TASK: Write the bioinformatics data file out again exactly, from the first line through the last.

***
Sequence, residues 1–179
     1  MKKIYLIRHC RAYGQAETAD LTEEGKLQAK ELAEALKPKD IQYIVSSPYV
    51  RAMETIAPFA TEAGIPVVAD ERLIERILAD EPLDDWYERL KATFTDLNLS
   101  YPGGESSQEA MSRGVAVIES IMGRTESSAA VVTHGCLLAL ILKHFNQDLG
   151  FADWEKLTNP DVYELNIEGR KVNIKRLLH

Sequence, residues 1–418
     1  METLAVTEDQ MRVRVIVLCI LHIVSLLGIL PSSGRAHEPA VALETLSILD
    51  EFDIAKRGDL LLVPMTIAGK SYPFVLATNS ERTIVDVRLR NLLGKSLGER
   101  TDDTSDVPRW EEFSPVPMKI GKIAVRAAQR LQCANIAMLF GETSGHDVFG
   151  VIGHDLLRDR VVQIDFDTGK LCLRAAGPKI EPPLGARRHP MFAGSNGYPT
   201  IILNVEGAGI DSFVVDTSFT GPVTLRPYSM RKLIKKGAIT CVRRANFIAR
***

Sequence, residues 1–179
     1  MKKIYLIRHC RAYGQAETAD LTEEGKLQAK ELAEALKPKD IQYIVSSPYV
    51  RAMETIAPFA TEAGIPVVAD ERLIERILAD EPLDDWYERL KATFTDLNLS
   101  YPGGESSQEA MSRGVAVIES IMGRTESSAA VVTHGCLLAL ILKHFNQDLG
   151  FADWEKLTNP DVYELNIEGR KVNIKRLLH

Sequence, residues 1–418
     1  METLAVTEDQ MRVRVIVLCI LHIVSLLGIL PSSGRAHEPA VALETLSILD
    51  EFDIAKRGDL LLVPMTIAGK SYPFVLATNS ERTIVDVRLR NLLGKSLGER
   101  TDDTSDVPRW EEFSPVPMKI GKIAVRAAQR LQCANIAMLF GETSGHDVFG
   151  VIGHDLLRDR VVQIDFDTGK LCLRAAGPKI EPPLGARRHP MFAGSNGYPT
   201  IILNVEGAGI DSFVVDTSFT GPVTLRPYSM RKLIKKGAIT CVRRANFIAR